An Apache life-way: the economic, social, and religious institutions of the Chiricahua Indians

University of Chicago PressChicago • Published In 1941 • Pages:

By: Opler, Morris Edward.

This source describes the culture of the Chiricahua Apache as it existed during the youth (i.e., ca. 1870) of the author's older informants from whom much of the data contained in this work was collected. Specifically, the author has attempted to show how societal influences inherent in the socialization processes impinge upon and direct an individual's personality development in such a manner as to produce a valued and accepted member of Chiricahua society. This process of socialization takes place through the individual's initial awareness of his culture, his initial contacts with its percepts, the social pressure that is brought to bear in order to enforce conformity, and the final adjustment, of the individual as measured through acceptance, to the demands, obligations and satisfactions of his society. In the presentation of his data, and development of his primary thesis the author gives much incidental information on various other aspects of Chiricahua ethnology. The source is divided into nine major parts, with emphasis on socialization processes throughout. These are: childhood; maturation (with emphasis on the molding of sex attitudes, the girl's puberty rite, and the training of boys for raid and war); social relations of adults; folk beliefs, medical practices and shamanism; household maintenance (hunting, use of wild plants, foods and beverages, their preparation and preservation, economic interest in warfare, division of labor, agriculture, property trade and gift giving); marital and sexual life of adults; the general round of life (including information on camp life and etiquette, humor, recreation, smoking, and games); status and political organization; and death and eschatology. The material for this source was gathered by the author, a professional anthropologist, during a cumulative period of time of approximately two years from 1931-1937. Over thirty native informants have contributed information to the author's field notes.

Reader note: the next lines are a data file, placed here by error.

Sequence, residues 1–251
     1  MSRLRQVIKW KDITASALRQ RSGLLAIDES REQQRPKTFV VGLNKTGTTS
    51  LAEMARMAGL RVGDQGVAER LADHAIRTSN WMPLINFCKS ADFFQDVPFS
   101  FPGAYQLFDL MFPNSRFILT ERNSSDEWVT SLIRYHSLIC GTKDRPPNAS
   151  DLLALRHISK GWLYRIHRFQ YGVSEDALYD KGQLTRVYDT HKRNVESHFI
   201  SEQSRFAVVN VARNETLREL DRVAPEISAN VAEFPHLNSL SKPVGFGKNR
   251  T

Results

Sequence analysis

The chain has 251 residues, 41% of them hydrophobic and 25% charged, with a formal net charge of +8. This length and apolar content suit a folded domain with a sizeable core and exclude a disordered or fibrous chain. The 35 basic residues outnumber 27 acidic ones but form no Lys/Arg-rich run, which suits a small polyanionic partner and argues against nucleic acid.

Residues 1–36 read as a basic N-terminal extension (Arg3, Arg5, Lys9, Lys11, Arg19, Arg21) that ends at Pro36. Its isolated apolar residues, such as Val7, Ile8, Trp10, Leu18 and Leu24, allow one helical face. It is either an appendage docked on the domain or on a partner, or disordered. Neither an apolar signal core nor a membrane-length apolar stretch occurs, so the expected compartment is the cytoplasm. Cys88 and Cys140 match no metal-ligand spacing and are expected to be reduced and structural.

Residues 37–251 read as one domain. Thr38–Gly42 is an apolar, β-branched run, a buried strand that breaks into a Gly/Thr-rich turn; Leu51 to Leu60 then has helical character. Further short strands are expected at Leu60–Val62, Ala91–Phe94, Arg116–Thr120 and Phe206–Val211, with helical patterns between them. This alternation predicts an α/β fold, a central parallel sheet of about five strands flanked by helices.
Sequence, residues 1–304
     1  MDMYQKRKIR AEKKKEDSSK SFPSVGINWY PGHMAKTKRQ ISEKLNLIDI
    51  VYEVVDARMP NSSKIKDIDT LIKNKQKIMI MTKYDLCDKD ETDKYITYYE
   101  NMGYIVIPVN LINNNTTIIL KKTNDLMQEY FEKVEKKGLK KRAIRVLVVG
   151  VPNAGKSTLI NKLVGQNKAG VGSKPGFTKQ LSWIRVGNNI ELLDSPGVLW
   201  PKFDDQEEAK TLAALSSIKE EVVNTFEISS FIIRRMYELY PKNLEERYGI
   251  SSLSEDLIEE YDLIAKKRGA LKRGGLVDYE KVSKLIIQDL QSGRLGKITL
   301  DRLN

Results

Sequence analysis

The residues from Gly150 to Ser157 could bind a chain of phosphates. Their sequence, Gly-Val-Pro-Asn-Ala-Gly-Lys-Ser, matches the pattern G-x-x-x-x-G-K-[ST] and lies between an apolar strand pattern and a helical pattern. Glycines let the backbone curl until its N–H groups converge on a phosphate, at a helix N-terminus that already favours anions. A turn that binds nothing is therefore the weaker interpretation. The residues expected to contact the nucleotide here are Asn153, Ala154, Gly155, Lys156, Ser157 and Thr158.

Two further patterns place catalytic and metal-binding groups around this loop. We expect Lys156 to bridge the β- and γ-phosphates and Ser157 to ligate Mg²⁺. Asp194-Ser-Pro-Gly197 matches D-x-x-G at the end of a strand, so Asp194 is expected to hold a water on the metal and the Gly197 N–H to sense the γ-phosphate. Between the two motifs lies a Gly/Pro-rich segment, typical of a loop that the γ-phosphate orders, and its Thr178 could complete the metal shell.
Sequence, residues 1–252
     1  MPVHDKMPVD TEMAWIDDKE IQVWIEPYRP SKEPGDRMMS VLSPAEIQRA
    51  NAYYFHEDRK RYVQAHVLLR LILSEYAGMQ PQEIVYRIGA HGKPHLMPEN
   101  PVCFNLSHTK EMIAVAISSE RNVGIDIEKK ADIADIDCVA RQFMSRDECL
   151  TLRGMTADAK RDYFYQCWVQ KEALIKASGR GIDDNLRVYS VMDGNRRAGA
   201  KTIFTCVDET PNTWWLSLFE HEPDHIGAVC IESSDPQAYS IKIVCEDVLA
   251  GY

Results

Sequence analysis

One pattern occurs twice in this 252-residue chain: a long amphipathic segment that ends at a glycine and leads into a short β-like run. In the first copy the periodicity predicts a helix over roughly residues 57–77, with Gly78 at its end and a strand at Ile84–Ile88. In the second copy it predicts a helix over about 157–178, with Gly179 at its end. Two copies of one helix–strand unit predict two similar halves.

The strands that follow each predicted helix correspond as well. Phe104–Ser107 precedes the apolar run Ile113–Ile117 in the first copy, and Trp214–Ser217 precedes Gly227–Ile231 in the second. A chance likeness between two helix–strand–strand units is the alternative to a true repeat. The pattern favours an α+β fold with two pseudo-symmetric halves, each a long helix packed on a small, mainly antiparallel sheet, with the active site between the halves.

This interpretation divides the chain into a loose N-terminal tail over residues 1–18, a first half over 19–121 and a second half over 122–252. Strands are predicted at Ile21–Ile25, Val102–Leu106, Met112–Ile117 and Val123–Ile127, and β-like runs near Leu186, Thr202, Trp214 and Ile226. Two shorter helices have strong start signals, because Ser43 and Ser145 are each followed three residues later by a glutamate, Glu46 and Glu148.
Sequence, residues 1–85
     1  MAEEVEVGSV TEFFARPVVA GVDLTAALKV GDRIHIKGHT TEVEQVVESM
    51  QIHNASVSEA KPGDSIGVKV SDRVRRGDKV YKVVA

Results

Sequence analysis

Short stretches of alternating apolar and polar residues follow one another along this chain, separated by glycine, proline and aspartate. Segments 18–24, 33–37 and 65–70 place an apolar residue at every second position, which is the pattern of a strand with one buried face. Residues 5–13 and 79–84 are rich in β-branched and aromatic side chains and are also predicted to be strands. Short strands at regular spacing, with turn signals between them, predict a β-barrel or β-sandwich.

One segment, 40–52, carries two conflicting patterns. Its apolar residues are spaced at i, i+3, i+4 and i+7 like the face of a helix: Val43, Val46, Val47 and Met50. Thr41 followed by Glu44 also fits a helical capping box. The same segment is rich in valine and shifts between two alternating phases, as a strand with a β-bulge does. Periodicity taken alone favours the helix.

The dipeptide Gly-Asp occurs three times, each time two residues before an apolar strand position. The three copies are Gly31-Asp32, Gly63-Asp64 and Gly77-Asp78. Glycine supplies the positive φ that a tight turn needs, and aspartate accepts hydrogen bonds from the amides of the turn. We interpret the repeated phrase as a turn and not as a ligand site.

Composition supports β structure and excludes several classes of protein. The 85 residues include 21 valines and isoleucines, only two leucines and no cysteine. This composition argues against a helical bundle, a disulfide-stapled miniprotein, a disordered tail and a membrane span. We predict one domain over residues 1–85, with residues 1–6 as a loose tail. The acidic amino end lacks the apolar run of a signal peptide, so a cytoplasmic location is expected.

Childhood activities
Puberty and initiation
Arranging a marriage
Revelation and divination
Shamans and psychotherapists
Sacred objects and places
Theory of disease
Magical and mental therapy
Division of labor by gender
Extramarital sex relations
Athletic sports
Eastern Apache
HRAF PubDate
North America
Sub Region
Southwest and Basin
Document Type
Creator Type
Document Rating
5: Excellent Primary Data
John Beierle; 1964, 1970, 2011
Coverage Date
Coverage Place
Southwest United States; northern Sonora and Chihuahua, Mexico
Morris Edward Opler
Includes bibliographical references (481-482)and index
Apache Indians
Indians of North America
Chiricahua Indians--Social life and customs.